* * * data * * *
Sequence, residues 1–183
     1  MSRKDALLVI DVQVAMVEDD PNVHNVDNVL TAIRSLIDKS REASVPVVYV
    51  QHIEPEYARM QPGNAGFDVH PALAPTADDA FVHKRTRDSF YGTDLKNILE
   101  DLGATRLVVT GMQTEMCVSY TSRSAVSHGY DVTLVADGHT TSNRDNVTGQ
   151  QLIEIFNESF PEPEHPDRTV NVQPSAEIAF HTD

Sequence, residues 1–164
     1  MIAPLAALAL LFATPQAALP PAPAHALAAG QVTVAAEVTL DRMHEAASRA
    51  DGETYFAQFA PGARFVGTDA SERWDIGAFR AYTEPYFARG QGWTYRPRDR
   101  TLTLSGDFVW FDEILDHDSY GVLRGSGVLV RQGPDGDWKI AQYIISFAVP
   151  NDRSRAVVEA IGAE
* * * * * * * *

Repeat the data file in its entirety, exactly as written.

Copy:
Sequence, residues 1–183
     1  MSRKDALLVI DVQVAMVEDD PNVHNVDNVL TAIRSLIDKS REASVPVVYV
    51  QHIEPEYARM QPGNAGFDVH PALAPTADDA FVHKRTRDSF YGTDLKNILE
   101  DLGATRLVVT GMQTEMCVSY TSRSAVSHGY DVTLVADGHT TSNRDNVTGQ
   151  QLIEIFNESF PEPEHPDRTV NVQPSAEIAF HTD

Sequence, residues 1–164
     1  MIAPLAALAL LFATPQAALP PAPAHALAAG QVTVAAEVTL DRMHEAASRA
    51  DGETYFAQFA PGARFVGTDA SERWDIGAFR AYTEPYFARG QGWTYRPRDR
   101  TLTLSGDFVW FDEILDHDSY GVLRGSGVLV RQGPDGDWKI AQYIISFAVP
   151  NDRSRAVVEA IGAE